An anti-phishing simulation is primarily for assessment, not education. Rolling out an anti-phishing project using a simulation will not adequately educate your employees if this is the only test performed. They are great tools for establishing a threshold of awareness amongst those in your organization. This is the project's primary function. While most anti-phishing simulations incorporate educational videos and quizzes upon clicking the malicious email within the test, those who don't click remain unaware of the helpful practices described on these landing pages. These outlets also may not grab the reader's attention enough to make an impact, or the reader may not be susceptible to learn after making a mistake that they could feel ashamed about. Then, in the future, they may be less likely to click on any email they think may be a phishing email, but they still aren't exactly sure why it might be a phishing email.

A non-click alone is not considered a success. Just because an employee didn't click the phishing email does not mean that they made a conscious decision to do so. There is a multitude of reasons that the link may not have been clicked other than recognizing the threat. They may not be interested in its contents or too busy to investigate the links, be out of the office, or someone had warned them about the bait.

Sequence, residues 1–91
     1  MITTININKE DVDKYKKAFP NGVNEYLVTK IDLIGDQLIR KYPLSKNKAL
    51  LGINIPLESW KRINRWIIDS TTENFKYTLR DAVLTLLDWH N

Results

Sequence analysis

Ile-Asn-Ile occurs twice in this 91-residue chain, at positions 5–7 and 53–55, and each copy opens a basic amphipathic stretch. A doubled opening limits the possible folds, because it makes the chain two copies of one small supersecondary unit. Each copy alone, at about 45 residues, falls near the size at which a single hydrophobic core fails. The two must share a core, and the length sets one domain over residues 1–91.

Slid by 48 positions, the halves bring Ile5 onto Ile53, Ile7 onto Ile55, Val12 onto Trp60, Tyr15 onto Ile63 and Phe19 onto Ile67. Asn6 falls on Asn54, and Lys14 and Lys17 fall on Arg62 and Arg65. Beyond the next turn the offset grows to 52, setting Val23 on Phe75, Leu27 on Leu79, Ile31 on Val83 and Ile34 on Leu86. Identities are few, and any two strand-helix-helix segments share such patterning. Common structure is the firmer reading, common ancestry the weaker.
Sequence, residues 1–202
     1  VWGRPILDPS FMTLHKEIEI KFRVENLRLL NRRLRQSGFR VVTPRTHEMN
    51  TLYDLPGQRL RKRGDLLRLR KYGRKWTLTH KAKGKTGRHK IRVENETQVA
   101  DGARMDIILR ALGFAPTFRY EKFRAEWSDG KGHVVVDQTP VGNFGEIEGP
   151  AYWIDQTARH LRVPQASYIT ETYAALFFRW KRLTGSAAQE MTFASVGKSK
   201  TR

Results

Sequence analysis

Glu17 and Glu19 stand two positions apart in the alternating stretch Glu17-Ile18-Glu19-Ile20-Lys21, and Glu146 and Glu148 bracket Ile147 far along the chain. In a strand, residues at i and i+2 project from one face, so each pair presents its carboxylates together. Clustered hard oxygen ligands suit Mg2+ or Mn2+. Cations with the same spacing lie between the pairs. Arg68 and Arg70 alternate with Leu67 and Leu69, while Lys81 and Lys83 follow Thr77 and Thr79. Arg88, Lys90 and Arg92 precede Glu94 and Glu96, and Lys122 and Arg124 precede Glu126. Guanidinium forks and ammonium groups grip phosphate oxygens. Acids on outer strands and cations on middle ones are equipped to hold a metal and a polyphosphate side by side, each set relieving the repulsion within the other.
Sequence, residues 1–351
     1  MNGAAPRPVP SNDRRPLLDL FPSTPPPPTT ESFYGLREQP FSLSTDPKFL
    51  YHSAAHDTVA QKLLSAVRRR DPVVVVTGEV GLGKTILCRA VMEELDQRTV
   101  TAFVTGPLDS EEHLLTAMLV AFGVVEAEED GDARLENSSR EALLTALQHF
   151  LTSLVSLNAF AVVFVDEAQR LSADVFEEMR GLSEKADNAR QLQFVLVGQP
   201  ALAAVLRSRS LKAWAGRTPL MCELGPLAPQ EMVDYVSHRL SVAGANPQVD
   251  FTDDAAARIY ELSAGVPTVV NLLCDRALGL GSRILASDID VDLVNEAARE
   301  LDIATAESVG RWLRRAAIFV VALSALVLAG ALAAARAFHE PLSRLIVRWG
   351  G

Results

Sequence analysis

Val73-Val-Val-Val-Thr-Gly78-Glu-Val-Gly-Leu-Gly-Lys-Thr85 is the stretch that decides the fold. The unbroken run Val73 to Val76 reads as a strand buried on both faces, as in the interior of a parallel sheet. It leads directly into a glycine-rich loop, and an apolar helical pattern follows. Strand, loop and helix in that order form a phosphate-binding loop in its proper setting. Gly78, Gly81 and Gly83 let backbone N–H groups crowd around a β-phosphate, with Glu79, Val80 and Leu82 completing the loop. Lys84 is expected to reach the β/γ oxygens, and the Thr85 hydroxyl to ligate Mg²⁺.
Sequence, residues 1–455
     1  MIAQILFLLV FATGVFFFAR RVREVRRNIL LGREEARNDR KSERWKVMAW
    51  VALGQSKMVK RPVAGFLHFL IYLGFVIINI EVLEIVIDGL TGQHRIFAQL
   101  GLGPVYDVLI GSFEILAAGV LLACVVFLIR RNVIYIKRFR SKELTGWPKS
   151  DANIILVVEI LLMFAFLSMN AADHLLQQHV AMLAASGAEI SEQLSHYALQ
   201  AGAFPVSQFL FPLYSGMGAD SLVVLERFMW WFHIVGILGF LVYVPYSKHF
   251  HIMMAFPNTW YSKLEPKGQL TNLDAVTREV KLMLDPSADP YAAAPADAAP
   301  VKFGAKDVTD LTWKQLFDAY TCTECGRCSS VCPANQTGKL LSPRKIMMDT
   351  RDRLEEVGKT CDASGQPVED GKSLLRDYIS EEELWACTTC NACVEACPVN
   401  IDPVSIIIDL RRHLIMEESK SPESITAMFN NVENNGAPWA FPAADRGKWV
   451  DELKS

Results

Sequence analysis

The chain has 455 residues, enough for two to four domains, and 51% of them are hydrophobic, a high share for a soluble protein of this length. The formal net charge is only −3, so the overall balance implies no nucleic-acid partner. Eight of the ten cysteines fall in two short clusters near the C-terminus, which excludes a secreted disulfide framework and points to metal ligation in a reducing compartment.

Make your training repeatable and continuous. Like a virus, cyber attackers are always adapting and coming up with new ways to penetrate your security protocols and fooling users to help them along the way. Make your training an ongoing exercise to raise awareness of new tactics and remind employees of the repercussions of clicking suspicious links.

A good simulated phishing campaign should be well planned, and a regular exercise for your company. Consider the behavior of your employees and think what would be best in capturing their attention and engaging in the exercise.

High-performance tools for infosec professionals

Infosec Institute offers many different outlets to assist IT professionals in protecting their systems against phishing emails. Computer-based training enables your co-workers to be able to receive quality education remotely from the office, home, or anywhere with an internet connection. This is generally favorable, as it is more adaptable to their schedules.